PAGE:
“We got funding from the European Social Fund to find ways to activate youngsters that are in danger of becoming marginalized. We are now trying to find ways to use crowdsourcing as a medium for involving young people in society and to help them find a job. Although we use crowdsourcing as our main tool, it doesn’t necessarily involve PiggyBaggy or ride-sharing”, says Paloheimo.
According to Paloheimo, Coreorient has been involved in many similar projects all around Finland. The different experiments have also enabled Coreorient to test different assumptions about the markets and their customers, which helps the company to refine its ideas and services. Armed with this experience, Coreorient is now looking outside Finland to Europe and beyond.
“The experiments we’ve conducted in Lahti, Jyväskylä, Helsinki, and Tampere have confirmed us that our systems and main concepts work. However, now the time for experiments is over and we need to make decisions about where and with whom we want to go on with this. Finland is getting small for us, and we’re potentially looking to expand to Denmark, or maybe India.”
At the moment Coreorient is looking for partners and collaborators to make this expansion happen, while also continuing to develop their core service concepts.
PiggyBaggy Business Model: Sharing Platform
Value proposition: “Ride-sharing for goods. Convenient. Sustainable. Secure.”
Main customers: 1) People who need help in getting items delivered. 2) Businesses that need low-cost options for purchase delivery.
Revenue generation logic: Two options: 1) Subvention-based: online businesses will pay PiggyBaggy for using it in purchase delivery, 2) Transaction-based: end customers of second-hand online marketplaces will pay PiggyBaggy for using it in purchase delivery.
According to Accenture’s business model framework, PiggyBaggy has a sharing platform business model. A sharing platform is either an online or physical platform that facilitates the sharing of resources and decreases the overcapacity of assets. In PiggyBaggy’s case, excess capacity is people’s time and mobility. PiggyBaggy enables individuals and businesses to tap into the existing mobility in order to get items delivered.
Accenture’s (2014) 5 Business Models for a Circular Economy.
PiggyBaggy is an excellent example of the power of IT and the internet to create new ways of organizing human activity. What PiggyBaggy actually does is that it uses the internet to provide access for tapping into excess mobility and time – something that would have been near impossible to do 20 or 30 years ago. By creating the PiggyBaggy platform, Coreorient has essentially created a new marketplace where the supply and demand for mobility and time can meet.
For example, I might need a book delivered to the library, but I don’t have enough time or I’m otherwise unable to go to the library myself (lack of time and mobility). However, there are hundreds of people going past my house and the library every day, many of whom could pick up my book and return it without making a major detour (overcapacity of time and mobility). PiggyBaggy allows me to delegate my tasks to these people, therefore putting the overcapacity of time and mobility into good use.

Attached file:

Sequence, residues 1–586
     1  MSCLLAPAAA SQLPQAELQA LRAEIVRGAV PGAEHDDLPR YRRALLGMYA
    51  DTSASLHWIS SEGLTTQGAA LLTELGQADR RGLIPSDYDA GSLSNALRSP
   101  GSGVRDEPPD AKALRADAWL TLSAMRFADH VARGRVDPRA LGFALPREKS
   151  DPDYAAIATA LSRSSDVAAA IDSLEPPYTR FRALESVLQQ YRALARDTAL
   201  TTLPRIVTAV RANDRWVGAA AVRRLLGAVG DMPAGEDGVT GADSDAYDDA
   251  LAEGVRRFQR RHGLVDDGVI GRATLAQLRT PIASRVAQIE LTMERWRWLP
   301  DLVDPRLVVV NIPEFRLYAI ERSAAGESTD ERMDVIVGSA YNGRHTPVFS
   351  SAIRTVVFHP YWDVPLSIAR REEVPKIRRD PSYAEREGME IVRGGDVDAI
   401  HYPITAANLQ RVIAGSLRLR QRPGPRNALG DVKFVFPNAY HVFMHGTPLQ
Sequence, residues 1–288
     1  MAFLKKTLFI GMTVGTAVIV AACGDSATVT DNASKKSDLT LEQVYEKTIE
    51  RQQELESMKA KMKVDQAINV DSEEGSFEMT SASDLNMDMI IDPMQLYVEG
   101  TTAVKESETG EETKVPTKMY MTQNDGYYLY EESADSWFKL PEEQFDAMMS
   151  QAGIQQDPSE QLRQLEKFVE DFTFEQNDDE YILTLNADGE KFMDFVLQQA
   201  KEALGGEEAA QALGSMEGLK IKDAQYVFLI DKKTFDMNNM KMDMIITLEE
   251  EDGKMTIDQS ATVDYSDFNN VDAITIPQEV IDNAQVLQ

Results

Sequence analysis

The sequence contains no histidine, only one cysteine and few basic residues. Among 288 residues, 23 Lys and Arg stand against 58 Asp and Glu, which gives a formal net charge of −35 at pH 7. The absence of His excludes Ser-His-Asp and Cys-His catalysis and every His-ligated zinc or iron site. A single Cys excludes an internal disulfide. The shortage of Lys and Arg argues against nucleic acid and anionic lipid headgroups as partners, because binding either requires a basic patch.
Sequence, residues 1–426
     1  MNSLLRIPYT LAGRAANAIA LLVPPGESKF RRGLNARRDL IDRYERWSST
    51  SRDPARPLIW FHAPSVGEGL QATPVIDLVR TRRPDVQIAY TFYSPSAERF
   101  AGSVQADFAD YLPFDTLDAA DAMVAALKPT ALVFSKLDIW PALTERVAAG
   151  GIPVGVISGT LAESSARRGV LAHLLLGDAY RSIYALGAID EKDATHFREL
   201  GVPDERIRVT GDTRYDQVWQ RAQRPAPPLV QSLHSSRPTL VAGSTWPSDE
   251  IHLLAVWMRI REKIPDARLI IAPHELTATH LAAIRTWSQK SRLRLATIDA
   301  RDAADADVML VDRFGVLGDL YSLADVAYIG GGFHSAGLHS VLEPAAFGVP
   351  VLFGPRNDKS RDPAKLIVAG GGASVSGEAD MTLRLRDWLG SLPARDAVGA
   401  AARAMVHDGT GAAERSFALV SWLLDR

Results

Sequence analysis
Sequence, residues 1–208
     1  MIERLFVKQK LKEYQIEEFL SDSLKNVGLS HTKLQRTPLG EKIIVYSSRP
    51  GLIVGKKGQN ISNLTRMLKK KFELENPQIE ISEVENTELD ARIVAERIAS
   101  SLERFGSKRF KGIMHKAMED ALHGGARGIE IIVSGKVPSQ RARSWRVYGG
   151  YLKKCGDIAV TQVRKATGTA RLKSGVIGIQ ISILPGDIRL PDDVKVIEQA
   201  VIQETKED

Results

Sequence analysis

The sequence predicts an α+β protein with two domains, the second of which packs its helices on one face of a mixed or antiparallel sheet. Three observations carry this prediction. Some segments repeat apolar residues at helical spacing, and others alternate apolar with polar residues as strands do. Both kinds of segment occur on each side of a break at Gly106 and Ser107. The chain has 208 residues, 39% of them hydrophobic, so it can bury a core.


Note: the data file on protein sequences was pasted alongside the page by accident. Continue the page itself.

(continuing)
According to Harri Paloheimo, Coreorient has at least two potential revenue models for PiggyBaggy. One is based on a subvention model, where PiggyBaggy would essentially enable businesses that do home delivery to lower their costs by using the PiggyBaggy community to deliver customer purchases. Paloheimo elaborates:
“In EU and in Finland it costs approximately 15 euros to deliver a product to a customer. At the same time customers are on average only willing to pay 5 euros for the delivery. This means that businesses lose 10 euros on average per packet delivered to consumers. Our idea is that we could lower these costs and get paid for doing so.”
The other option would be to use a transaction fee-based revenue model, where the customers would be individuals shopping at second-hand marketplaces. Usually, in second-hand shops the end-users arrange the delivery of items themselves, but by using PiggyBaggy they could use crowdsourcing to get their items delivered. PiggyBaggy would charge the transporter around 15-20 percent of the fee he or she received from the customer.
In both revenue models, PiggyBaggy lowers the costs of transportation while also reducing emissions and pollutions from cars by decreasing the overall number of car trips.
But PiggyBaggy is not the only service that Coreorient has been developing. The company has been experimenting with a concept called smart containers. A smart container is essentially a shipping container that is used as an access point for different services and resources. For example, smart containers in Kalasatama, Helsinki have been equipped with library services, organic food services, recycling services, and electric car charge points. Furthermore, the containers can be used as PiggyBaggy delivery points.
How are PiggyBaggy and the Smart Containers connected? Paloheimo shares a vision of a global network of community-run smart service points, connected by crowdsourced goods delivery. According to Paloheimo, this kind of network of services and crowdsourced transportation represents a viable alternative for today’s centralized mass manufacturing and transportation.